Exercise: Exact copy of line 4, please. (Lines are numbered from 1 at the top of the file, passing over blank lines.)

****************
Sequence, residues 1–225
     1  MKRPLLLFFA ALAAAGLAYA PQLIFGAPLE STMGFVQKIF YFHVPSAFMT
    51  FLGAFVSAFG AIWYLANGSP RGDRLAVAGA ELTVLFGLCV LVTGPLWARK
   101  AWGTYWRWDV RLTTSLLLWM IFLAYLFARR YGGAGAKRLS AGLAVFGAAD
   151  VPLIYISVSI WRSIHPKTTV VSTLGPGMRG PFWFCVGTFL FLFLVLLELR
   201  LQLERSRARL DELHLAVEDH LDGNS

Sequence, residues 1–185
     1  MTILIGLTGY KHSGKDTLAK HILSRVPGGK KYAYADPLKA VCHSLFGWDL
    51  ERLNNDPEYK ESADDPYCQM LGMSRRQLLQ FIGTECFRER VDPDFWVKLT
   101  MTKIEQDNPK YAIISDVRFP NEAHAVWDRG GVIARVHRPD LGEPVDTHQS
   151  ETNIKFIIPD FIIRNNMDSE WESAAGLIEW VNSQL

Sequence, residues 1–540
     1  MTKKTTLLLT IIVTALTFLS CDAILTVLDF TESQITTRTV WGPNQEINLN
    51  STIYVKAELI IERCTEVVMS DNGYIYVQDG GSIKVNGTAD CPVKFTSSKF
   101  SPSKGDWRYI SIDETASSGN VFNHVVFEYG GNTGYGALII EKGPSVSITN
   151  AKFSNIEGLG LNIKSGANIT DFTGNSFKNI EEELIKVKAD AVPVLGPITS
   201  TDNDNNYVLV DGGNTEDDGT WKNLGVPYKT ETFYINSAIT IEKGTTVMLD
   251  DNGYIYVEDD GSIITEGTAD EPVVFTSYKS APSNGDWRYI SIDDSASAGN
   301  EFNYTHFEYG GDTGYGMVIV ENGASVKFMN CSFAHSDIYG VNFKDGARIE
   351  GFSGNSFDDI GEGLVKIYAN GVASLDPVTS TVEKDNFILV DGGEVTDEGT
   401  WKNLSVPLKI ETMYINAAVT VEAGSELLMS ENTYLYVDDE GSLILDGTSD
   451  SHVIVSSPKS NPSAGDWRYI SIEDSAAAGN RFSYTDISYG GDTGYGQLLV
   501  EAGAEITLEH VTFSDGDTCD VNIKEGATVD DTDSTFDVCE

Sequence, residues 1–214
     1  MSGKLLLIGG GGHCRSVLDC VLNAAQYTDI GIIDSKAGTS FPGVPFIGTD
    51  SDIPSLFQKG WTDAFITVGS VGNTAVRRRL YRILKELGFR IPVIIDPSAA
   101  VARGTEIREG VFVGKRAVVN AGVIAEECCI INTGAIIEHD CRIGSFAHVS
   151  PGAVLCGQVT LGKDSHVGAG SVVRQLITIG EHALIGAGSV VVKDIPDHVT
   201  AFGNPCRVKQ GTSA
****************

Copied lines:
   101  AWGTYWRWDV RLTTSLLLWM IFLAYLFARR YGGAGAKRLS AGLAVFGAAD